Right now, Itus is working on the final stages of testing and quality assurance for the iGuardian, an inline intrusion prevention system. It’s a device that goes on the line between your modem and your router and inspects all of the traffic going in and out of your home. It makes comparisons to known malware, viruses, trojans, and other malicious traffic, and if it finds a match, it drops the offending traffic, whether it’s from your computer, phone, or smart appliances 5 Smart Home Appliances You Should Be Buying The "smart home" concept is taking off and you should be keeping up, otherwise you'll end up missing out on the future. Read More , and resets the connection.

By sitting between your modem and router, the iGuardian does what anti-virus software can’t: it stops bad stuff from hitting your devices. Anti-virus software can quarantine the suspicious files or code once it’s already on your machine, but it can’t prevent it from at least getting in the door. “[Inline intrusion prevention] is pretty much the best and only way to be able to mitigate a lot of those risks,” says Ayoub.

The Itus guys explained to me that most cybercrimes are crimes of opportunity Top Five Computer Crimes & How to Protect Yourself From Them Read More ; criminals cast a wide net to capture as much data as possible, and they’re unlikely to spend a lot of time trying to get through the defenses of a specific household. If it’s going to take them more time to get through a firewall or something like the iGuardian, it’s just not worth it. And if someone does take the time to attack, they’re going to find it difficult to deal with the iGuardian—without a lot of digging, it doesn’t even show up on an attacker’s computer. It doesn’t have an IP address, so it’s a very stealthy protection system.

It also makes it easy for Ayoub’s 70-year-old mother to stay protected: it’s plug-and-play, installs in five minutes, and updates automatically.


One Competitor

The biggest competition [for Itus and the iGuardian] is people who think they have nothing to protect.

Breitwieser cut right to the chase with that statement: everyone has things to protect, and everyone has things that they need to hide. It may not be a secret identity or a blackmail-worthy past, but just about everyone has logins, credit card information, health records, tax documents, and other valuable pieces of information on their computers, and these are the things that make hackers money.


We’ve talked before about how “I have nothing to hide” is a bad reason to not fight against internet surveillance Lessons Learned From Don't Spy On Us: Your Guide To Internet Privacy Read More , and it’s just as bad a reason to not protect your home network. And after talking with Jock Breitwieser and Daniel Ayoub of Itus Networks, it’s clear that anti-virus software and “secure” routers just aren’t going to cut it, especially in the age of the connected home What Is A Smart Home? We recently launched a Smart Home category at MakeUseOf, but what is a smart home? Read More . The iGuardian is filling a huge market gap, and it seems like a perfectly sensical, very effective way to go about it.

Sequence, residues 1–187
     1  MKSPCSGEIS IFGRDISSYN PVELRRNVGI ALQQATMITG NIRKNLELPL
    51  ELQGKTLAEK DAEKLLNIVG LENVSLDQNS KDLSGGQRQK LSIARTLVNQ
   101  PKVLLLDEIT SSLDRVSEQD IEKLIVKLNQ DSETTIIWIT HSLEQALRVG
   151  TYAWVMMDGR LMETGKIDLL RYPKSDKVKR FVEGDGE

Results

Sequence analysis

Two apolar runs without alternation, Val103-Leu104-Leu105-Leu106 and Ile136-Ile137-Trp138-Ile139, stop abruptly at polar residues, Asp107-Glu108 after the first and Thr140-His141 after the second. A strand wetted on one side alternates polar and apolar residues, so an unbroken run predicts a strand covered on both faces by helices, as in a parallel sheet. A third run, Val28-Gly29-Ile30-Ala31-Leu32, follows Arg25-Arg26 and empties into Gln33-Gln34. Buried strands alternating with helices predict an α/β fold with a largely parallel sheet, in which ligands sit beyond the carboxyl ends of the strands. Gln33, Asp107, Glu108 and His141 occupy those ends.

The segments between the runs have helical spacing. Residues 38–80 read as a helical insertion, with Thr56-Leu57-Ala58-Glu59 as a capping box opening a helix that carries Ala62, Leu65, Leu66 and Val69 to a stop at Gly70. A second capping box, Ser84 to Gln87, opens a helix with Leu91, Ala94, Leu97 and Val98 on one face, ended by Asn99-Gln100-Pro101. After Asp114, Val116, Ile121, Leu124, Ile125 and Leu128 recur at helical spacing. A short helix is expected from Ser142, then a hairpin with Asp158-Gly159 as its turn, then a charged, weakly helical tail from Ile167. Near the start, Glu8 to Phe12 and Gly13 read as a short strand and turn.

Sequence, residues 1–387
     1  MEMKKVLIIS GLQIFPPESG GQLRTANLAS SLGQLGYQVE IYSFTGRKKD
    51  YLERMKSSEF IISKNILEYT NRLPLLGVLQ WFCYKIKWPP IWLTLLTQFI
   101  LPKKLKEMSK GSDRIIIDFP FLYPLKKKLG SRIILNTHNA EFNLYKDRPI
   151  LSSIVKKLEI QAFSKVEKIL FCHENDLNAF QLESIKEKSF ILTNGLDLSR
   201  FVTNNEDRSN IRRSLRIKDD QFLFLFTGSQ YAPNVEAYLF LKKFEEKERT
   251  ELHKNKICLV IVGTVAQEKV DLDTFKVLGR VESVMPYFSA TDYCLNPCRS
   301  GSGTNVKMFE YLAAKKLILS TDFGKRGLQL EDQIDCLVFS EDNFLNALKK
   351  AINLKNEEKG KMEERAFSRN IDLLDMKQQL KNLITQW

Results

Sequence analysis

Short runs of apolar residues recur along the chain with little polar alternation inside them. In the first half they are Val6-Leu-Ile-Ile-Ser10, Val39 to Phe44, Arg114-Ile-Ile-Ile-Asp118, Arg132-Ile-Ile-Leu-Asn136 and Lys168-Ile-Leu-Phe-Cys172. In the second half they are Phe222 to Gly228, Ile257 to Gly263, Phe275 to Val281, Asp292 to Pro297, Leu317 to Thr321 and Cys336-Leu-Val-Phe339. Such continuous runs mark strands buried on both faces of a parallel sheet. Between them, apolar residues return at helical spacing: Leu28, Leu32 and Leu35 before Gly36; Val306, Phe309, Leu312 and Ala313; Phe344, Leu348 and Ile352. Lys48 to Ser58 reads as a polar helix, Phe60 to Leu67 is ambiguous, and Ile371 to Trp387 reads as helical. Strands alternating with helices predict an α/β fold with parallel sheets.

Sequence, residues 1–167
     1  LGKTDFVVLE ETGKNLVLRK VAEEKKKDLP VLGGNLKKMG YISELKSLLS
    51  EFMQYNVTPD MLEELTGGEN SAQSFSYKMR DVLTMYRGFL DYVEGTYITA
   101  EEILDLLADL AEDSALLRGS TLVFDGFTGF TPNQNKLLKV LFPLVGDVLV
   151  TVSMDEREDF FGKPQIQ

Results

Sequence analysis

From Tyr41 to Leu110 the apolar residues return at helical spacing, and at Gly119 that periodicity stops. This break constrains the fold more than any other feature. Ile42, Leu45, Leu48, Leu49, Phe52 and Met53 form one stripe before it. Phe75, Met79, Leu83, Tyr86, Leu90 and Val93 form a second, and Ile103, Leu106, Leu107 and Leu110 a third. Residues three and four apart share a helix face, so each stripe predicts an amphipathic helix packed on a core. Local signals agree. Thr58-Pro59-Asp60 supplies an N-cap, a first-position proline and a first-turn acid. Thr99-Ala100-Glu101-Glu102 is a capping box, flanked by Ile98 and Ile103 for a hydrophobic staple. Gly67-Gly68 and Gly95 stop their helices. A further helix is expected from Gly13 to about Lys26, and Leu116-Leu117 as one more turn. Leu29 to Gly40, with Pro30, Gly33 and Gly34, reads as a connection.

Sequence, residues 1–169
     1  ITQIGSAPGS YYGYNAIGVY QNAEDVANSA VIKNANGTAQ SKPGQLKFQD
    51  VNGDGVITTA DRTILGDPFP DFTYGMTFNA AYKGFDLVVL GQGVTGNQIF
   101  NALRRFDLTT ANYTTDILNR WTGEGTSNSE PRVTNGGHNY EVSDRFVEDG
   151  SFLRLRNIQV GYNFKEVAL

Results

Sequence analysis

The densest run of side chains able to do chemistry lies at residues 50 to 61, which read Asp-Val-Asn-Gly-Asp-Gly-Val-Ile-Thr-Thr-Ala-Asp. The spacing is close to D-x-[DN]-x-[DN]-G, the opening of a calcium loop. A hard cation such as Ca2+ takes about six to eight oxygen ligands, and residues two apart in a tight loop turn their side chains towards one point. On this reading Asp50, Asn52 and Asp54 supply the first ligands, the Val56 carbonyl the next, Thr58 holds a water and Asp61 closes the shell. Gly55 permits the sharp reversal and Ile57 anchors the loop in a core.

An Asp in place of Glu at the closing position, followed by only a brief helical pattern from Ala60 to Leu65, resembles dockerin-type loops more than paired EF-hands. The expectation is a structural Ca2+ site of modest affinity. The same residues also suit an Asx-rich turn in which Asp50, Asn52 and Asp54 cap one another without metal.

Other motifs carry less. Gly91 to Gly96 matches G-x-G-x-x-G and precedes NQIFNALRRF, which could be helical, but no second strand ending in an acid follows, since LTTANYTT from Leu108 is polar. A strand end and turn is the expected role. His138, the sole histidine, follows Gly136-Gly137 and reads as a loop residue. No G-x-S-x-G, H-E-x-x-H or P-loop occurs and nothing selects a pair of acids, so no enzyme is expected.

The iGuardian is currently available for pre-order for $149, and Itus hopes to ship it early next year.

Image credits: Home Electronic Devices via Shutterstock, Social network thief stealing money by reaching his hand picking up dollar banknote from wallet on screen of smart phone (edited) via Shutterstock.

Related topics: Internet of Things, Online Security, Router.

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  1. Dejjem
    October 11, 2014 at 11:22 pm

    The difference, I think, is that these guys promise a plug & play experience.

    Basically some hardware switches to make sure that you are really protected by just flipping a physical switch & auto-sensing of your network topology so that you do not need any knowledge to set it up or maintain it...

    • Dann Albright
      October 13, 2014 at 8:01 am

      Yes, that's also a big part of it. If you already have something set up, it might not make a whole lot of difference to you. But if you already have something complicated in place, you might not be the target market, as you're likely very tech-savvy. The plug-and-play nature of the iGuardian will likely be a big selling point for most people.

  2. Krad
    October 6, 2014 at 8:32 pm

    I have a sonicwall tz210 with the latest IPS, Deep packet inspection, etc.. How is this any better?

    • Dann Albright
      October 11, 2014 at 12:25 pm

      Again, I'm not sure what Sonicwall is, but it seems like it protects your PC. Is that correct? If it is, the benefit of using the iGuardian is that it monitors all of the incoming and outgoing traffic for your entire home.

  3. dragonmouth
    October 6, 2014 at 5:39 pm

    What is the difference between iGuardian and m0nowall, SmoothWall or any other security distro?

    • Dann Albright
      October 7, 2014 at 8:39 am

      I'm not familiar with those, but from what it looks like, they're firewalls that you use for your main PC. Is that correct? If it is, then the difference is that iGuardian is a separate box that monitors all incoming and outgoing traffic, regardless of the device that it's going to in your house. So it can protect your smart devices, your phone, computer, tablet, and so on.